This is one of the many challenges of persistence of vision applications. If you want a small number of LEDs traveling at high physical speed to paint a huge image, they need to be EXTREMELY bright, because the movement essentially spreads their brightness over a very large area. No amount of software trickery can change this reality of the physical world.

The one nice upside is you can probably use the air flow due to the movement to more easily cool the heatsinks that are required for such incredibly bright LEDs.

04-10-2013, 12:38 PM
Here's a project I did a couple years ago with an LED that has the level of brightness you probably need.


Of course, this isn't a POV project, but you might look at that Avago ASMT-MT00-00001 part. It needs 350 mA of current per color, which you obviously can't get directly from a Teensy pin.

Also, take a look at the heatsink on the back of the PCB, and the pattern of vias just outside the solder area, intended to couple the heat through the PCB to the heatsink. Those little guys got really hot, but they were used for many hours several parties and 2 years at Burning Man, so it's probably just barely enough cooling with natural convection.

04-10-2013, 06:46 PM
The design in my sig is running at 400us per scan line. And I did run it with randoms a few times and it looked plenty bright even in a lit room. And it was only 8mA per channel. The TLC version will be 17-18ma per channel.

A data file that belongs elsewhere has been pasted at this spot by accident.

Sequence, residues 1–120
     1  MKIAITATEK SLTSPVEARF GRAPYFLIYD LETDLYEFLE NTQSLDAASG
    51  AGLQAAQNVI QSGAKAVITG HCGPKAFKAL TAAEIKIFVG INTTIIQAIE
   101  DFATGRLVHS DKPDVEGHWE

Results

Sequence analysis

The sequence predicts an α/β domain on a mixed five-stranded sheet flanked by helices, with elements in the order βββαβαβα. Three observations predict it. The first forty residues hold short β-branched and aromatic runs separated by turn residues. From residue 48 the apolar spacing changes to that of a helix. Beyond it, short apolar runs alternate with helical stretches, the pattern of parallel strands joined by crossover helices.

I recorded it in a dark room because my camera had a hard time with the lights on.

My biggest challenge is just getting a single TLC5940 running, then I can mount a test unit on my existing frame and see what will work and what wont, if I have to switch to running 12 TLC5940's instead of multiplexing 4 I will, its just a lot more wires.

At the moment I need to figure out where to get my second high speed clock from. And the best way to implement an interrupt counter to that second clock.
Then its just a matter of setting timings.

04-11-2013, 10:56 AM
Doing some figures, using different bit settings for grayscale clock(GSCLK) I get.
Here are clock minimums and would need a timer or interrupt to the BLANK pin at the end of the pulse count cycle.

At 700 RPM and 192 scan lines. These are using 140us per color